The friendship between the four, if you can call it a friendship, is in fact quite dysfunctional: Pantazi mocks Pirgu’s uncouth manners, while Paşadia allows himself to be manipulated by Pirgu as if in an act of self-loathing or self-destruction. Meanwhile, the narrator observes it all but seems unable to intervene.
A strange little book, which I think must be nearly impossible to translate. I have not read either of the translations, but from what I’ve read from other reviews, Sean Cotter has done his best to convey some of the faded glamour and over-the-top flavour of the original, although I am not sure that his use of extravagant Latinate words works best as a substitute for words of Turkish origin (which are often used in a slightly pejorative sense in Romanian). The book is very funny because of its intentionally over-opulent use of language, despite its overall melancholic, dissolute feel.
In his review of the book, M.A. Orthofer singles out this particular passage as almost a description of what the author hopes to achieve with his storytelling style, and I would agree with that:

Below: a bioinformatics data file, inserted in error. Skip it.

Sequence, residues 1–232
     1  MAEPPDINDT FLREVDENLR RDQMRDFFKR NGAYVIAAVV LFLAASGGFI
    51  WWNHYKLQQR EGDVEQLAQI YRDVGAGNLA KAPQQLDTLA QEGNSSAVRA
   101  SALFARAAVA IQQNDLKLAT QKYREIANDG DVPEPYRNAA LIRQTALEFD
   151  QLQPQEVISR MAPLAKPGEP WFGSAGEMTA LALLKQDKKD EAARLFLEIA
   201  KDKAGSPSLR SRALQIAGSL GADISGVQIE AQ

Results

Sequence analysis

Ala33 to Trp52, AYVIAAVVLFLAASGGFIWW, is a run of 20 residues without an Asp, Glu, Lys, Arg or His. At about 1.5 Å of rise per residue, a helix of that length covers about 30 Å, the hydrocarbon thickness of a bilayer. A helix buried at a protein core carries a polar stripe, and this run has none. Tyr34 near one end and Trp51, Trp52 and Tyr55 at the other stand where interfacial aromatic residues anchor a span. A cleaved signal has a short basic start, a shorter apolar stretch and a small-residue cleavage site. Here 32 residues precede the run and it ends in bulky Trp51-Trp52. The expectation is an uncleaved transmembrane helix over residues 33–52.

The narration undulated languidly, braiding a rich garland of notable literary blossoms from all peoples. Master of the craft of painting with words, he effortlessly found means to express, in a tongue whose familiarity he claimed to have lost, even the most slippery and uncertain forms of being, of time, of distance, such that the illusion was always complete. As though bespelled, I undertook long imaginary journeys with him, journeys such as no dream ever provided … the man spoke. Before my eyes unrolled charming throngs of tangible visions.
There is a film adaptation of this book from 1995 (which I haven’t seen), but above all, it was lovely to reread the book for the 1929 Club. It felt like opening an old perfume bottle and refamiliarising myself with some long-lost, slightly too-sweet but not cloying scent. This time around, I was also far less disposed to be lulled by the stylistic fireworks and give a free pass to this annoying bunch of men, who see women largely as fantasies, victims or sluts.
For your information, I prefer the father’s style, but nevertheless Craii remains a landmark book showing the tension between Occident and Orient in the Romanian psyche.
Keiichiro Hirano: A Man,trans. Eli K.P. William, Amazon Crossing, 2020.
Rie Takemoto’s husband Daisuke Taniguchi was an incomer to their little town S in the Miyazaki Prefecture of Japan. He moved to the town at the age of thirty-five wanting a complete change of career, and he worked in forestry for four years, three of which he spent married to Rie, before being crushed by a tree.